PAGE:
Borrowing an idea from China could lend a helping hand to first-time homebuyers in Toronto, the head of a major real estate website suggests.

“A program like China’s ‘joint ownership’ scheme would definitely help first-time buyers in Toronto,” says Carrie Law, the CEO of Juwai.com’s—a site that links overseas Chinese buyers to international property listings—in an email statement to Harvey Kalles Real Estate.

China’s joint ownership program, which the Chinese government announced last year it was piloting in six cities, works like this: a homebuyer lays out 40 per cent of the price of a new home, and the government pays the rest, maintaining a proportionate share in the property.

Because of this, there are restrictions, as Law notes. “When they sell, they cannot just put the home on the market in the traditional way,” he explains. “The government has the first right to buy their share—which it will then resell to another owner-occupier. This keeps all the homes in the system.”

There are other stipulations. To participate in the program, applicants must agree to own the home for at least five years and can’t own another property.

“The government promises it will pay a fair market price when it repurchases ownership, but that is still years down the track, and it is not clear how this will be determined,” says Law. “That’s the biggest uncertainty in the program,” he adds.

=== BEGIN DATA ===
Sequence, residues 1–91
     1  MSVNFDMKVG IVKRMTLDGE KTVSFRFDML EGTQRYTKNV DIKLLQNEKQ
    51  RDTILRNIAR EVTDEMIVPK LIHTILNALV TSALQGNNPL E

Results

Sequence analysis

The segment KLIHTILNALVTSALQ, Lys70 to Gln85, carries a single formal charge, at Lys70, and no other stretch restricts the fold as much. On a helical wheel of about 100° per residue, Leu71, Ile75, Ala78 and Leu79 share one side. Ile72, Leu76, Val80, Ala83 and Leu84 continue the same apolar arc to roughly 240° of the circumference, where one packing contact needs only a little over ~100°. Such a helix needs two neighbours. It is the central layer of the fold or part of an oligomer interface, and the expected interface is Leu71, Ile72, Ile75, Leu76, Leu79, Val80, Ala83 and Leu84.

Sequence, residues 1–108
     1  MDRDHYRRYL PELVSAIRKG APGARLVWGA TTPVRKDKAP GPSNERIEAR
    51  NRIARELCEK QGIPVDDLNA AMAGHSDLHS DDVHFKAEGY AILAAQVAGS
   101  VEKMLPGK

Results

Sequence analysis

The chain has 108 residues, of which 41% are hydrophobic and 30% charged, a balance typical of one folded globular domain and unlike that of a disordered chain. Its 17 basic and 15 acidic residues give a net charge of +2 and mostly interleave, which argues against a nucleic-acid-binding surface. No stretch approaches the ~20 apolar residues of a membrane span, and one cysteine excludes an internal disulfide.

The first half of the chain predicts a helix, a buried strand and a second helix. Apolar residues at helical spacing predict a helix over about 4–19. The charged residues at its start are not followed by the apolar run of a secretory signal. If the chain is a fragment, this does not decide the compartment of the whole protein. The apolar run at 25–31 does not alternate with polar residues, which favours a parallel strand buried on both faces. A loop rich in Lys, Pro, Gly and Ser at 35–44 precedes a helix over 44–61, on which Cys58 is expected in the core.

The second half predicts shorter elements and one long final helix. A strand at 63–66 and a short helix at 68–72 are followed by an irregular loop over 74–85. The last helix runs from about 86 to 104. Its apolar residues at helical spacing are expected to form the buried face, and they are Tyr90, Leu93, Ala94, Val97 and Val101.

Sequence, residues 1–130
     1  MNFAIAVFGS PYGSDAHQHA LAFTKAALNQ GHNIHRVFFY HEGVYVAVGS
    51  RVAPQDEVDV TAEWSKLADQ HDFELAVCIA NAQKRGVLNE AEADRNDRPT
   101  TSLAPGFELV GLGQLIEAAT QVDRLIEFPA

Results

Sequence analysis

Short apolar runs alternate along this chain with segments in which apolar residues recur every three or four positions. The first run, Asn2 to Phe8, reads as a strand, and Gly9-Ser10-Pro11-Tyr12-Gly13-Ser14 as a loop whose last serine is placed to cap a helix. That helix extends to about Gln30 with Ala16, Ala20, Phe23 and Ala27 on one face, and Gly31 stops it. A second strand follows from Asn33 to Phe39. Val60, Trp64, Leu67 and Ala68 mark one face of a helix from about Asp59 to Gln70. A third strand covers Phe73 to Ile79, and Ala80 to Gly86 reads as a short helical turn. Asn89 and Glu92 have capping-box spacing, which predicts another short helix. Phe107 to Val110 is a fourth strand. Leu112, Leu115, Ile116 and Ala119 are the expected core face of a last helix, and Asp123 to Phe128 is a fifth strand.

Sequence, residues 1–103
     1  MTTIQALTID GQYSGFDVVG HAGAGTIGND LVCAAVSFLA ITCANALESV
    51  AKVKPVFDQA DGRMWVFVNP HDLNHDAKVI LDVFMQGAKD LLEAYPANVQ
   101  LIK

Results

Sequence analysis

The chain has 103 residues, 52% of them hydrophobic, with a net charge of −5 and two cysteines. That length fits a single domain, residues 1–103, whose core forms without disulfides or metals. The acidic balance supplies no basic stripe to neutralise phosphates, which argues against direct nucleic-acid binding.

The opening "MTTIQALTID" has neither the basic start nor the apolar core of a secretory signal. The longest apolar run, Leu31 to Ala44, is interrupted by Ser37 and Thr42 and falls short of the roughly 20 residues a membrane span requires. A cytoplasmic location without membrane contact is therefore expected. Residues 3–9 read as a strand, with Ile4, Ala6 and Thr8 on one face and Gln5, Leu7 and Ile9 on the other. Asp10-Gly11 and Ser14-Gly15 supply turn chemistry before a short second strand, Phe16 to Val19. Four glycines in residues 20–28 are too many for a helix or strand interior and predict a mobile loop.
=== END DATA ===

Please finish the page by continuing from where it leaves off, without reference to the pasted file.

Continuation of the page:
Nonetheless Law says that so far close to 1,000 young people have bought new homes through the program, paying about a third of the market price for their properties. Some 120,000 people applied for the program’s initial launch of 427 units. “Interestingly, the first of these homes were developed in an upmarket part of Beijing. I wonder if wealthy Toronto neighbourhoods would welcome a project like this with open arms,” he says.

The first occupants of these part-owned units in Beijing paid about $3,700 per square metre in Canadian funds, Law says. “A typical apartment in the same neighbourhood of Beijing” would run purchasers $11,000 per square metre.

“Would young Torontonians be willing to embrace a program like this? It is hard to see why not,” Law notes. “By reducing the number of first-time buyers competing in the private market, it could also conceivably reduce prices. That would help many more young buyers than just those directly participating. Who could object to something so helpful?”

China is not the only country to try out a joint-ownership scheme, Law suggests. He points to the UK’s Help to Buy program, through which buyers can purchase between 25 per cent and 75 per cent of a home and owe rent on the rest. “If it works in the UK and China, why wouldn’t it work in Toronto?”

 

Photo Credit:   Flickr user hans-johnson

 

 

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